A Freedom of Information request by a member of the Australian parliament has revealed that the Australian government has not engaged in correspondence with the United States regarding the case of imprisoned publisher Julian Assange for at least the last six months. Independent MP Monique Ryan filed the requests with the offices of Labor Prime Minister Anthony Albanese, Attorney General Mark Dreyfus and Foreign Minister Penny Wong and no documents were returned, indicating that there has been no written communication with the U.S. over the fate of Assange since at least last May, reported former Australian Senator Rex Patrick in the Australian publication Michael West Media. The absence of written correspondence does not exclude that Australian officials may have engaged in verbal communications with U.S. counterparts about Assange over the past half year, though written notes are normally made on such meetings.
In one of the more important advances in collective bargaining around the world, New Zealand recently passed an innovative sectoral bargaining policy, called Fair Pay Agreements. Labor supporters in Britain and Australia want to replicate elements of the policy in their countries, while for American audiences the most important lesson may be how New Zealand’s experiences highlight that sectoral bargaining — in conjunction with worksite bargaining — is necessary to improve working conditions in today’s economy and thus should be part of policy efforts to strengthen unions. Sectoral bargaining, sometimes called broad-based bargaining or industrywide bargaining, is a type of collective bargaining between unions and employers that sets minimum standards on issues such as wages, benefits, safety, and training for all workers in a sector or occupation.
On 15 November 2022, during the G20 summit in Bali (Indonesia), Australia’s Prime Minister Anthony Albanese told journalists that his country ‘seeks a stable relationship with China’. This is because, as Albanese pointed out, China is ‘Australia’s largest trading partner. They are worth more than Japan, the United States, and the Republic of Korea… combined’. Since 2009, China has also been Australia’s largest destination for exports as well as the largest single source of Australia’s imports. For the past six years, China has largely ignored Australia’s requests for meetings due to the latter’s close military alignment with the US. Now, in Bali, China’s President Xi Jinping made it clear that the Chinese-Australian relationship is one to be ‘cherished’. When Albanese was asked if Xi raised the issue of Australia’s participation in several military pacts against China, he said that issues of strategic rivalry ‘[were] not raised, except for in general comments’.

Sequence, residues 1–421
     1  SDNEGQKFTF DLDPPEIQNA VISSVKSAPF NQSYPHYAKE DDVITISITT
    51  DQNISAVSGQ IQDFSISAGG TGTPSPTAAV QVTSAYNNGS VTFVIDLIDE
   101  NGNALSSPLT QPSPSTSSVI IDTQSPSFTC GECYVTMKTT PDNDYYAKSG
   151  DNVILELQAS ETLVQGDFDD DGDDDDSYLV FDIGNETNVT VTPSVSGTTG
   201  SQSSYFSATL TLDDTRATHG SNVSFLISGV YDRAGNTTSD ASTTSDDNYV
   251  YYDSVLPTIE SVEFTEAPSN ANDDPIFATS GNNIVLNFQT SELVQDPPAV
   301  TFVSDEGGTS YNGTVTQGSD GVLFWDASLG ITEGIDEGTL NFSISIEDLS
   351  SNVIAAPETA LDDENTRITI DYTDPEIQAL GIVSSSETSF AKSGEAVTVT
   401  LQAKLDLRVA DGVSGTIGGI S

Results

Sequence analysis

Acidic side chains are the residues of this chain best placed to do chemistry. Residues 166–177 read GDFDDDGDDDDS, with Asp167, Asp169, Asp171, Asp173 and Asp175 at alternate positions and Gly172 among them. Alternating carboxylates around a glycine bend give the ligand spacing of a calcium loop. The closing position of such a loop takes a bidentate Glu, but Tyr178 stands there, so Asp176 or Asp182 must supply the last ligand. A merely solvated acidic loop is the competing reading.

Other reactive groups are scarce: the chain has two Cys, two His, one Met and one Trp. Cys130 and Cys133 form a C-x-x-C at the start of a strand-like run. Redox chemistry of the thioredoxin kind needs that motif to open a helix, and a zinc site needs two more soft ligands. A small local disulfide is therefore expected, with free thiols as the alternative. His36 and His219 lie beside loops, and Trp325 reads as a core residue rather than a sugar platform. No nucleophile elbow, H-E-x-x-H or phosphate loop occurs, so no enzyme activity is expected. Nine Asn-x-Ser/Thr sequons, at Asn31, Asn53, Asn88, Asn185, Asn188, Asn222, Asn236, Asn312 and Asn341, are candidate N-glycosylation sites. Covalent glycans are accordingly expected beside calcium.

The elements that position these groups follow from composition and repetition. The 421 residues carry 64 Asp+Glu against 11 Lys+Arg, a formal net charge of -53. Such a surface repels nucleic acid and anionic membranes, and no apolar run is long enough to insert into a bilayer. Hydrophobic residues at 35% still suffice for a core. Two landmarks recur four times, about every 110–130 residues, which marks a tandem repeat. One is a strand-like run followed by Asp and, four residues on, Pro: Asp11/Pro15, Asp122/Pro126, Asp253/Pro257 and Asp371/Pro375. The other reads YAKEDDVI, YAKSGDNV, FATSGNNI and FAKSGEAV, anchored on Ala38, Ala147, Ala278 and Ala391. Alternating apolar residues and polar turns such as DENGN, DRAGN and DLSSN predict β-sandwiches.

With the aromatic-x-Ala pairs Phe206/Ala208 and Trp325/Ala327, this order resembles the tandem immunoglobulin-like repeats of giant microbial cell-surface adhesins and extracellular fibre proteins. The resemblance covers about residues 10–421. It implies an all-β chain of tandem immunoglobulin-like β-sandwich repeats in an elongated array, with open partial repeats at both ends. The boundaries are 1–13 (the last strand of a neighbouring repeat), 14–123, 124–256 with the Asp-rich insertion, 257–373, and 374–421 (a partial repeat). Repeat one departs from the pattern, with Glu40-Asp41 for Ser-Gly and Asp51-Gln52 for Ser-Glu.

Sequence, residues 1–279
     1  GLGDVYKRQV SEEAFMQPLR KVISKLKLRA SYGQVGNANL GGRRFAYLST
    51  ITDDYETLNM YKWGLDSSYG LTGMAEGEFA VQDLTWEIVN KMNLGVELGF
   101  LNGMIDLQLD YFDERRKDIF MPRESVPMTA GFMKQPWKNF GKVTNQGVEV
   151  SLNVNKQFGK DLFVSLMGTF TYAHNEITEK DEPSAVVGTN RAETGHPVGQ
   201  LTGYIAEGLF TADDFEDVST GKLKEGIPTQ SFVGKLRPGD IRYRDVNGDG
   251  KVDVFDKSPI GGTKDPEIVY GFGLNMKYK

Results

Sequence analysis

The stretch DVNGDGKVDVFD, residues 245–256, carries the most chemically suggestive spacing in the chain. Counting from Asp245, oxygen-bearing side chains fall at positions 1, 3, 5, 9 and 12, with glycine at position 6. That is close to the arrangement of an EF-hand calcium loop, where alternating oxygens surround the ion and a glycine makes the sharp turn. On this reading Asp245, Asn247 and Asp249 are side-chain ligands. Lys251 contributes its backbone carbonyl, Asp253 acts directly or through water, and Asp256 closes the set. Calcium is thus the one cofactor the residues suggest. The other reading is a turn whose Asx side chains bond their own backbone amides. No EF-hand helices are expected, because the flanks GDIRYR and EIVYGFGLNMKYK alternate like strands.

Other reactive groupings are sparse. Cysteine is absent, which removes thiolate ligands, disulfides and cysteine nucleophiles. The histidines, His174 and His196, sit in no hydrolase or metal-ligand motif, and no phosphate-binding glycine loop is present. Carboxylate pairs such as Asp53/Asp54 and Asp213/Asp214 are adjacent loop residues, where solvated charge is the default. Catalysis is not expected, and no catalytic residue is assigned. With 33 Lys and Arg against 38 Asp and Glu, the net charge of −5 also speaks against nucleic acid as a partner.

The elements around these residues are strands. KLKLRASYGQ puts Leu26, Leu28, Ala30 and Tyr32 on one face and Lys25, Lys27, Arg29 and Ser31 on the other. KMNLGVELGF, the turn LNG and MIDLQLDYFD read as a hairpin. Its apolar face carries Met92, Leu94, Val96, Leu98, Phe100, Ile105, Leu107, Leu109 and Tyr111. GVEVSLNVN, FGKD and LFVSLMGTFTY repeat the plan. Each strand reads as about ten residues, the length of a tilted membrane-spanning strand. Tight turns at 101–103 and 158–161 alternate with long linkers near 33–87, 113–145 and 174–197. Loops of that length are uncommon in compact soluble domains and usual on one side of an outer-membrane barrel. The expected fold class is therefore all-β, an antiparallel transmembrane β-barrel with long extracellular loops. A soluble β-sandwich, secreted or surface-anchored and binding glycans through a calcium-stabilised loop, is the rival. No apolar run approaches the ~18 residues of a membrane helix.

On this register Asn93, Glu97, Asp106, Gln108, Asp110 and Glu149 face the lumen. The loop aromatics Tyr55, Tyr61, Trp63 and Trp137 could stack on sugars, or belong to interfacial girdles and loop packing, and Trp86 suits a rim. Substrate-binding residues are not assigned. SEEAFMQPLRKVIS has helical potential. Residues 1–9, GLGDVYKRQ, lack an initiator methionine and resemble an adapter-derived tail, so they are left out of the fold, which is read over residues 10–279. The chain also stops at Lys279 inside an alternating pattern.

A group of indigenous Australians hailed a "historic decision" by the country's Federal Court on Friday to delay plans for a massive gas project in the Timor Sea. Dennis Tipakalippa, a Munupi clan elder from the remote Tiwi Islands, has been fighting a legal battle against oil and gas producer, Santos, who has been drilling for gas off northern Australia. "We have fought to protect our sea country from the beginning to the end and we will never stop fighting," Tipakalippa said. Santos, one of the country's largest oil and gas producers, said it would apply for fresh approvals for the $3.6 billion (€3.41 billion) Barossa gas project.
The Queensland Land Court has ruled human rights would be unjustifiably limited by a proposal to dig the state's largest coal mine in the Galilee Basin in Central Queensland. First Nations-led activist group Youth Verdict challenged an application by mining company Waratah Coal, owned by billionaire Clive Palmer. The group of young Queensland activists challenged the mine on the basis it would impact the human rights of First Nations peoples by contributing to climate change. The coal mine would remove about 40 million tonnes of coal a year for export to South-East Asia, with a forecast life span of 30 years. It is the first time a group has successfully argued coal from a mine would impact human rights by contributing to climate change.